NAMIBIA | ARCHAEOLOGY OF THE FUTURE
TOMORROW’S ARCHITECTURAL LANDSCAPE
The title of the exhibition was born when Italian architect Cinzia Abbate visited the Twyfelfontein Visitors’ Centre, where she appreciated how a contemporary building could be inseparable from its context, ready to dissolve into its environment, thus becoming the archaeology of the future.
Cinzia introduced Namibian architect Nina Maritz to Livio Sacchi in 2015, then president of the OAR (the Rome and Province Chamber of Architects), who expressed an interest in supporting an architectural exchange between Namibia and Italy. Nina initiated a work group of interested members of the architectural community in Namibia, who compiled a synopsis of Namibian architecture, through research and the participation of members of the Namibia Institute of Architects who contributed project material.
Since Independence, Namibian architects have been consistently busy with the rapid development of the country. The past twenty-six years have been boom years for the architectural profession, which saw the provision of ample work through Government development and generous budgets leaning to the luxurious for many buildings. The 50th anniversary exhibition of the Namibia Institute of Architects in 2002 portrayed this architectural scenario. Since then, the pace of development in the country has rarely given architects the chance to reflect on their work and its influence in shaping the environment.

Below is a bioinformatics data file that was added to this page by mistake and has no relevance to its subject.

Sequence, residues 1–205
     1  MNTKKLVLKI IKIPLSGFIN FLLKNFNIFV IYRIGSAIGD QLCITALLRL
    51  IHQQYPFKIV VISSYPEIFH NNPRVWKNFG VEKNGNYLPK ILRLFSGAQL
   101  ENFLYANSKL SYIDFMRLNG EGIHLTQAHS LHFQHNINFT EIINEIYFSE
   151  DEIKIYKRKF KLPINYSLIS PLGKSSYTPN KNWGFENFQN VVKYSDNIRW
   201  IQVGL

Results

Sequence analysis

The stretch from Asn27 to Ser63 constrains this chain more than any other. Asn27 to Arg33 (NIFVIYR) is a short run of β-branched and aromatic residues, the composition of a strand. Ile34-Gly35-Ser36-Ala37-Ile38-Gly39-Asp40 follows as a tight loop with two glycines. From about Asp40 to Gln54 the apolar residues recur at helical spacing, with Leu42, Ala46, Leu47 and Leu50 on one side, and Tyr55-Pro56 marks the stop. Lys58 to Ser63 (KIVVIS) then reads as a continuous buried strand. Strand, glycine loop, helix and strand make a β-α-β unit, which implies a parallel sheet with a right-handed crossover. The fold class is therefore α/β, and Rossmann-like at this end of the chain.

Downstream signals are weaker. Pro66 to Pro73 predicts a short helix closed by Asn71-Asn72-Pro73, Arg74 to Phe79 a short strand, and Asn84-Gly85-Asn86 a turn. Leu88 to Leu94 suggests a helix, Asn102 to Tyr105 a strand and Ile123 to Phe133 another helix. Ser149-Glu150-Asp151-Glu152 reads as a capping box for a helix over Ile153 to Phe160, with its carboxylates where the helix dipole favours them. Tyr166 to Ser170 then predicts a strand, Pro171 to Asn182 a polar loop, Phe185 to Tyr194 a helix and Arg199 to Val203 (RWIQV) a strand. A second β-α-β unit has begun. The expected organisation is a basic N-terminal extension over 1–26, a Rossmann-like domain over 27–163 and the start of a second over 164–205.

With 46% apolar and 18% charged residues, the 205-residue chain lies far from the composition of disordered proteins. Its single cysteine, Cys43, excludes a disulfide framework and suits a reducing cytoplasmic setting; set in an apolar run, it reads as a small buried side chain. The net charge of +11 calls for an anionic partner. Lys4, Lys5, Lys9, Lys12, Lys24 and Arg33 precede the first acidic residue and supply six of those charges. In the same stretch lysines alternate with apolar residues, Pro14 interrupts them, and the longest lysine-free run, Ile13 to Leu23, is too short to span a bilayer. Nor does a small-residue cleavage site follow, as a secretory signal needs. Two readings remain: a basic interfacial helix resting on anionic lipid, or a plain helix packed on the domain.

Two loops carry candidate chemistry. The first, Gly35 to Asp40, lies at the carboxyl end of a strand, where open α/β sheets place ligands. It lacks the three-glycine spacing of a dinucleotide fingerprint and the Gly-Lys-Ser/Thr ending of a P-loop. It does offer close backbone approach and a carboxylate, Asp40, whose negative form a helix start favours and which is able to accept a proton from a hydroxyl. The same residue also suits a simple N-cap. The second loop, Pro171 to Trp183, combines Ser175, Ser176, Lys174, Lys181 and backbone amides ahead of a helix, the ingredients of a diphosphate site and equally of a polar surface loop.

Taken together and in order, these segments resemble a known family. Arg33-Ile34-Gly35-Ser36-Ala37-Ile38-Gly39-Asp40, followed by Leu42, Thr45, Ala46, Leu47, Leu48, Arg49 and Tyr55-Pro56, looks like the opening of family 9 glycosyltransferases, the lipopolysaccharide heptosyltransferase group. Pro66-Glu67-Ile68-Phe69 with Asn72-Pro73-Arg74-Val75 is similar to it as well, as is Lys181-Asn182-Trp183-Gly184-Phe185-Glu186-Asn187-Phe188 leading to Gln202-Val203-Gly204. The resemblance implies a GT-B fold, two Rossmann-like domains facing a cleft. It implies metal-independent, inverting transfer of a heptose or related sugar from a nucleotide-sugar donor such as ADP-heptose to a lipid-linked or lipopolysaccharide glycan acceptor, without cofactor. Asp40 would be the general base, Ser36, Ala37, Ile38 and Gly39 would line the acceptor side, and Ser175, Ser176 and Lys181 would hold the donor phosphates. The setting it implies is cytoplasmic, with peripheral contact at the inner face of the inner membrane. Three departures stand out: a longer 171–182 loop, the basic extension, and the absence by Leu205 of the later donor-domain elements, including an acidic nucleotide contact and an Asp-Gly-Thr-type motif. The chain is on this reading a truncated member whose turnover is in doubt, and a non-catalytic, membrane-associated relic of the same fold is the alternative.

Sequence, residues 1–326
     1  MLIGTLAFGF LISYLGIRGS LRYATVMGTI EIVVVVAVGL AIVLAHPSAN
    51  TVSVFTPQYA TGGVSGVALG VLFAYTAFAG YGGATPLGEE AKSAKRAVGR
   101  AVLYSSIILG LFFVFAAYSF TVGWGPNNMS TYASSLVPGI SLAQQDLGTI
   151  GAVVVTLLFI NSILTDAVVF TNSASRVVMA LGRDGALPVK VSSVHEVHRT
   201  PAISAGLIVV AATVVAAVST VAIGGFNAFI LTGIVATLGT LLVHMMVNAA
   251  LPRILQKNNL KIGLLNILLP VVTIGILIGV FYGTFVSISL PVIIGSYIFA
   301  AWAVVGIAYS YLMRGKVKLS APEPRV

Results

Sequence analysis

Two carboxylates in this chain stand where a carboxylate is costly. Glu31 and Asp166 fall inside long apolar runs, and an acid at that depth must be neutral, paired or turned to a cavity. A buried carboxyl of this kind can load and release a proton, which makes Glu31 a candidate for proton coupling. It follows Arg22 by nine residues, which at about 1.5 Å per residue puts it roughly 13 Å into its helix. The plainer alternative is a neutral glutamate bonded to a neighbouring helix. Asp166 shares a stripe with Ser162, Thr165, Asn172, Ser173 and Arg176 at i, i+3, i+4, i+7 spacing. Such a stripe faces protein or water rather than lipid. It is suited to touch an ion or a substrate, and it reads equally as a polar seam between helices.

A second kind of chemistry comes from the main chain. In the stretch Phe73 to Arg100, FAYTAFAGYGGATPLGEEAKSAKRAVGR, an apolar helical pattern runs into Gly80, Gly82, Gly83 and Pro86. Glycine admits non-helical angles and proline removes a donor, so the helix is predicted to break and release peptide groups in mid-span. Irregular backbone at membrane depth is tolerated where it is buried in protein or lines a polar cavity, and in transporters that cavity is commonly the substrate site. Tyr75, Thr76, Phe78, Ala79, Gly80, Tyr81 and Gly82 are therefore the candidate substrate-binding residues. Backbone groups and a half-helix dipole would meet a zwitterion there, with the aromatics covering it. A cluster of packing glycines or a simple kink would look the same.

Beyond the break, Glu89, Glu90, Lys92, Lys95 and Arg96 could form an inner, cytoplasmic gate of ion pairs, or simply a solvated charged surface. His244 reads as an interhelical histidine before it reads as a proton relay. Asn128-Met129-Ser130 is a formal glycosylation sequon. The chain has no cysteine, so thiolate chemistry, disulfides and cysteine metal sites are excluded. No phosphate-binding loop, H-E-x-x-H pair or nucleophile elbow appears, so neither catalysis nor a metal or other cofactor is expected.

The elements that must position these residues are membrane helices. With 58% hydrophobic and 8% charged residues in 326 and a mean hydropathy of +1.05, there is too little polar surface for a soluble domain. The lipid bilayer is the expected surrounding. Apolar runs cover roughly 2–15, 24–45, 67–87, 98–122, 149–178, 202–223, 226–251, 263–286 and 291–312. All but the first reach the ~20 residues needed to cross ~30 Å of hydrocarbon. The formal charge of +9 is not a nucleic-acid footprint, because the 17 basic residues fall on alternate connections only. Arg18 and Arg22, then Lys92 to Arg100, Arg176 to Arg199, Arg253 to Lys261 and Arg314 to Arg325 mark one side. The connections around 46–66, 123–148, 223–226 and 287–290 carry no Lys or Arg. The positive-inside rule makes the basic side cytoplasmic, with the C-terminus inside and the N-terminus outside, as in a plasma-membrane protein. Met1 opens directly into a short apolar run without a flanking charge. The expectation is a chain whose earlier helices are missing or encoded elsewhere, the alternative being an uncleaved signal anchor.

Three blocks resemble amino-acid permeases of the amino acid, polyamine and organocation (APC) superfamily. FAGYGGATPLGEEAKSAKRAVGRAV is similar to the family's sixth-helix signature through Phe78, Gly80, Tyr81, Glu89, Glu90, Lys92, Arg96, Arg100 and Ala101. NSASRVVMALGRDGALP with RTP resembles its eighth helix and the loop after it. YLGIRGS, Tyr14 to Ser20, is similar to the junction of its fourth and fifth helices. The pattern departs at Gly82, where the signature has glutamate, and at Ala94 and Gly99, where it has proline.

The exhibition comprises a snapshot of the current work of Namibian architects, placed in the context of history and location. It covers the influences of landscape, starting with the ancient geology of the country and travels through the different areas of coast, hinterland, north and south. It considers cultural and material influences and ponders whether there can be a contemporary Namibian style. It looks at the most recent projects placed in urban and rural situations, and zooms in onto urban development in Windhoek. Faced with the legacy of apartheid and rapid urbanisation, the capital city is a microcosm of Namibian society, with architecture playing a role in various socio-economic spheres, from rich to poor, from private to public.
Since this exhibition was first presented in 2016 at the Casa dell’Architettura in Rome, the economic situation in Namibia has changed, forcing architects to question their relevance in society and their need to adapt. The contradictory permanence of architecture in the consumerist age and in the wider context of sustainability raises further questions. How can architects create more integrated solutions towards a more coherent vision of the future? This exhibition provides the opportunity to reflect on the past, to contemplate these questions, and to imagine how the architecture of today forms tomorrow’s architectural landscape.